So, How big was Bigfoot-mania back in the 1970s, really, for those of you who were not there to partake in it? Well, if you’ll pardon a personal anecdote, when Star Wars (1977) first came out, me and my friends were ecstatic because we were under the mistaken assumption from the previews, posters, and comics that Chewbacca was a Space Bigfoot, and dare I say, a little disappointed when we found out he was just a Wookie. And a big contributing factor to all of this mass-cryptid psychosis was the surprising box-office success of The Legend of Boggy Creek, which literally came out of nowhere.

In an interview with Daniel Kremer in Filmmaker Magazine in 2017, Pierce’s daughter, Amanda Squitiero, said of her father, “He really did believe that the Fouke Monster existed, so he thought that the documentary form best suited it. I think he also knew it would be scarier if people had to consider the possible truth of everything."

Kremer continued on this thread, writing, “To elaborate on the motives behind Pierce’s structural design, the on-camera interviews unfold much like folk stories, giving the film the rich, resonating impact of oral history. Boggy Creek is a cross-genre essay on collective memory and shared experience, and specifically how memory and common experience can unite and forever bind communities. This gives the interspersed horror sequences an unexpected weight. And this notion of oral history and heritage would furnish Pierce with a sense of thematics that pervade all his work."

When Pierce wrapped principal photography in April, 1972, he packed all of his exposed film into the trunk of his car and headed west; destination, a lab in Burbank, California, for processing. He would stay in Los Angeles for the entire post-production, assisted by editor, Tom Boutross -- The Hideous Sun Demon (1958), Rat Fink (1968), and landed a huge coup when he struck up a friendship with composer Jaime Mendoza-Nava, which netted him a beautiful, rustic, old-timey score for his docudrama, which both grounds the film and provides the glue that holds Pierce’s lofty narrative notions together and pushed it forward whenever it teetered toward schlock or even self-parody at times. Pierce also made the right choice when he commissioned Ralph McQuarrie to design his essential poster art, who produced a simple but highly provocative one sheet.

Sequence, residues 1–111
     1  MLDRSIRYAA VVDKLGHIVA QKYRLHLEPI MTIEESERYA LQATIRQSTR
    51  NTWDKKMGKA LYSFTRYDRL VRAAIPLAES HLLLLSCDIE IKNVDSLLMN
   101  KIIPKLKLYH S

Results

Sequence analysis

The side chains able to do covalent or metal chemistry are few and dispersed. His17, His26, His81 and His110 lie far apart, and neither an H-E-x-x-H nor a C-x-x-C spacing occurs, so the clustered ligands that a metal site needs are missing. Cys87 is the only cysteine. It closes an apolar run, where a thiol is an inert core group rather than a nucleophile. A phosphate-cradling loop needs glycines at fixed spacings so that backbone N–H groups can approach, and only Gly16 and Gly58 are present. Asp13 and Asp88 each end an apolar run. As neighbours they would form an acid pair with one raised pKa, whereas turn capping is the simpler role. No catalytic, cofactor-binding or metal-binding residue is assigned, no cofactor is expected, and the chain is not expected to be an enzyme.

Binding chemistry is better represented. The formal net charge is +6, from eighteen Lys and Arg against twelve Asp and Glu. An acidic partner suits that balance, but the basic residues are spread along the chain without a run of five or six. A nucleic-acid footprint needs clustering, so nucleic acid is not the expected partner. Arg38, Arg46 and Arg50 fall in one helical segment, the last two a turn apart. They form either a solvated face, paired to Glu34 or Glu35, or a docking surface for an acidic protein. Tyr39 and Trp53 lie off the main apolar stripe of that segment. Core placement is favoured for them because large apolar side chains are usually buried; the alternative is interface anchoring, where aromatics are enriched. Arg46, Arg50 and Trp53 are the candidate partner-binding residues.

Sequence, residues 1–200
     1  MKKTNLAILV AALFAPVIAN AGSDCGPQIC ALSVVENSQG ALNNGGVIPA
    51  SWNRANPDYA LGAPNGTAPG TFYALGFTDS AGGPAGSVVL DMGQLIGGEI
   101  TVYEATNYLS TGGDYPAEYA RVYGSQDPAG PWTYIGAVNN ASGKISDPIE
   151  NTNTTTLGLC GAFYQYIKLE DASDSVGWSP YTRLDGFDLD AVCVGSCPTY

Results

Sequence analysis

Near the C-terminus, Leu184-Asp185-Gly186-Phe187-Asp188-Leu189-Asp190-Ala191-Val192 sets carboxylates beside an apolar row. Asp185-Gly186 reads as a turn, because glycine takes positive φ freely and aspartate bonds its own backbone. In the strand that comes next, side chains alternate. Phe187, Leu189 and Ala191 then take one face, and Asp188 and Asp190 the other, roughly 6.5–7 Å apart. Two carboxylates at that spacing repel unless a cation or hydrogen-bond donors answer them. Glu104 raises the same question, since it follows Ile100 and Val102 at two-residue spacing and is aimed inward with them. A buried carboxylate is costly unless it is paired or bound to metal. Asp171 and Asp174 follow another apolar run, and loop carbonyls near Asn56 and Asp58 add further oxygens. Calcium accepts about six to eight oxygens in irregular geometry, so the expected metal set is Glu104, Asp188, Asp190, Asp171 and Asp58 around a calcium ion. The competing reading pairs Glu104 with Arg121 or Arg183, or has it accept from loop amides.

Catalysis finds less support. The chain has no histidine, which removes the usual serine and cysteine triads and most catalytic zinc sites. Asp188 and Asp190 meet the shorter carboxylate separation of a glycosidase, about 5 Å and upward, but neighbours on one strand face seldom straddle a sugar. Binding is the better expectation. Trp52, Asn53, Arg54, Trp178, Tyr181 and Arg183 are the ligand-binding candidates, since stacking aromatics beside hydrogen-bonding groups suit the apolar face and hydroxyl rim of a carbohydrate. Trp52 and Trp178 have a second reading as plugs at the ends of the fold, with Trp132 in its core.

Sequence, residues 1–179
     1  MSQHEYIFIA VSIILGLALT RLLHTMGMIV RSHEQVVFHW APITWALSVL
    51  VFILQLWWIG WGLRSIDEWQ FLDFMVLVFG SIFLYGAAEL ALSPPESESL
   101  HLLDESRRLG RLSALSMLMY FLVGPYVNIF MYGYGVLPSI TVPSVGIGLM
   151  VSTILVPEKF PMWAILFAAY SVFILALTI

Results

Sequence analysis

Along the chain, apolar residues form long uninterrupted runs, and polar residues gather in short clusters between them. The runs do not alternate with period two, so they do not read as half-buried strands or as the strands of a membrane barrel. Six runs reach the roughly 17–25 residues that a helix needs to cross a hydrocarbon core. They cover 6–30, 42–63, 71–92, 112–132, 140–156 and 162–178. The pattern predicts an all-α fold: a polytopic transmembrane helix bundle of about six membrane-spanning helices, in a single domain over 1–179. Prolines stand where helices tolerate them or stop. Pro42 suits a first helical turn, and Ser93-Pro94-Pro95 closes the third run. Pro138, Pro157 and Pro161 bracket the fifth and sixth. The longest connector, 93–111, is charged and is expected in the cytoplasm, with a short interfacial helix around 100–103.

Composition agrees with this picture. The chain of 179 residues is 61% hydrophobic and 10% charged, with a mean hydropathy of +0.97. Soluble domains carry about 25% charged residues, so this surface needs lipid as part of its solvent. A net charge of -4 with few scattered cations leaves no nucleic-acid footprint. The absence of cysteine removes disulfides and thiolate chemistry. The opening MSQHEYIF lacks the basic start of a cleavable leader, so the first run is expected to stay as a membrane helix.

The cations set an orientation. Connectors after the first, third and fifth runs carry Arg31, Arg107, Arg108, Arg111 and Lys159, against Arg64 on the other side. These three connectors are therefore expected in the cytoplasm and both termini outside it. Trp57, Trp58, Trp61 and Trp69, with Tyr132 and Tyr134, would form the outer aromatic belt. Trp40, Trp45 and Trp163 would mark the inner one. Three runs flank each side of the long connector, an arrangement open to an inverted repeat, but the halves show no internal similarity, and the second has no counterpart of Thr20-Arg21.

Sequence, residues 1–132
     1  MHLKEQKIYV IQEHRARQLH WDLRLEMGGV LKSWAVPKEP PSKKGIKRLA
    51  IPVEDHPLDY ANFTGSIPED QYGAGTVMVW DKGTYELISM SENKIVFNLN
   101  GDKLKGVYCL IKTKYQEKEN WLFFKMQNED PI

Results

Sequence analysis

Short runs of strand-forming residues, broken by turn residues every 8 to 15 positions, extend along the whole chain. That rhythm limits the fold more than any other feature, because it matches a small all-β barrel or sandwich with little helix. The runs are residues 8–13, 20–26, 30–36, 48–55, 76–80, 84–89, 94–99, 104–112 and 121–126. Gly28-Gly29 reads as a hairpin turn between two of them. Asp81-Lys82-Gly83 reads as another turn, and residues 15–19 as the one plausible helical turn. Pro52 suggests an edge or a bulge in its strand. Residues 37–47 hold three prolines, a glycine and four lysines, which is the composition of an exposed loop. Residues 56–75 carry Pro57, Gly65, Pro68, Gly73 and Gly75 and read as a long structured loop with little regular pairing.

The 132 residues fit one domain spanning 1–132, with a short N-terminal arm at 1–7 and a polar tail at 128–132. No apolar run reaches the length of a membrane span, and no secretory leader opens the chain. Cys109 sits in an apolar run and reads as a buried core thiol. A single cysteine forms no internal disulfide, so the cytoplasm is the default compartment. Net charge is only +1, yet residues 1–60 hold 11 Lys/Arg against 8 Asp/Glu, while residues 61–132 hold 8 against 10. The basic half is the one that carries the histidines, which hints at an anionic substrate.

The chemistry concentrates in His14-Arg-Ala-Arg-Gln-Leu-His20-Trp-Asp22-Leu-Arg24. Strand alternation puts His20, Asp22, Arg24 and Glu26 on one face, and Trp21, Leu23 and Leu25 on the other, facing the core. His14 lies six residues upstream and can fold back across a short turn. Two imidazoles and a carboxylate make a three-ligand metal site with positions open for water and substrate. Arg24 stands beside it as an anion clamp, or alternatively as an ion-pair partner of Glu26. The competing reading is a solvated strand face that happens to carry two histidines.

When the film was finished, Pierce shopped The Legend of Boggy Creek around to several second-tier studios, looking for a distribution deal, but found no takers. And so, he returned to Arkansas, where he tried to four-wall it with several local chains but was once again rebuffed. Undaunted, Pierce rented an abandoned movie theater in Texarkana; and after a little clean-up and renovation, exhibited the film himself, coaxing family and friends to stand in line for tickets, then go inside, swap out clothes, sneak out the back, and then get in line again to help lure in the curious.